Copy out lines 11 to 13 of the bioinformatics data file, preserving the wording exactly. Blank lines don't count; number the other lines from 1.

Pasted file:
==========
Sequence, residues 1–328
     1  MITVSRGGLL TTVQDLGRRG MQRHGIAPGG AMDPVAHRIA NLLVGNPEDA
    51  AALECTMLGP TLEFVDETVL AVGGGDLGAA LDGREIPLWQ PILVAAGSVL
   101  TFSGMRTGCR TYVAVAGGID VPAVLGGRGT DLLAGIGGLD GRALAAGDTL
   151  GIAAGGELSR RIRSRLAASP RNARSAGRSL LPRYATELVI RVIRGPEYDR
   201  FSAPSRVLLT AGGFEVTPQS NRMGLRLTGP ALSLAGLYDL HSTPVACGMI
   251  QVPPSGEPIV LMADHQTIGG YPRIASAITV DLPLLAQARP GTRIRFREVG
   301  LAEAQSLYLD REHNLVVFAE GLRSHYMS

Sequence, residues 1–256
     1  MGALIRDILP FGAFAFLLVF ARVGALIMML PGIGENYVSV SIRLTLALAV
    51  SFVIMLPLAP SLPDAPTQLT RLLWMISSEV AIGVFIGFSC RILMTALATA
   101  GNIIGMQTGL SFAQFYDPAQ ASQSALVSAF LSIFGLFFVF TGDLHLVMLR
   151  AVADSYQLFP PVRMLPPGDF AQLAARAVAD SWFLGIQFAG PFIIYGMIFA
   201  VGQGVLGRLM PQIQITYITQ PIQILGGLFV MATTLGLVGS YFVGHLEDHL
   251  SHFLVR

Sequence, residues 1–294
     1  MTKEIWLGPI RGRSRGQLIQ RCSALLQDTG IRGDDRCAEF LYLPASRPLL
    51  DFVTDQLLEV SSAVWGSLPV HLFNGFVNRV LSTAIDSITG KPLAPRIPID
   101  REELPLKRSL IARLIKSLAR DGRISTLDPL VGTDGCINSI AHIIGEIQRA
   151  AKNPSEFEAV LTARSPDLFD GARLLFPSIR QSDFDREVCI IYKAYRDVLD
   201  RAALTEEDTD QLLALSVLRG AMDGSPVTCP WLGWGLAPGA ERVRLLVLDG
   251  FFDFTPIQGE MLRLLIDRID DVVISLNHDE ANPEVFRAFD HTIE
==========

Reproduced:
    51  SFVIMLPLAP SLPDAPTQLT RLLWMISSEV AIGVFIGFSC RILMTALATA
   101  GNIIGMQTGL SFAQFYDPAQ ASQSALVSAF LSIFGLFFVF TGDLHLVMLR
   151  AVADSYQLFP PVRMLPPGDF AQLAARAVAD SWFLGIQFAG PFIIYGMIFA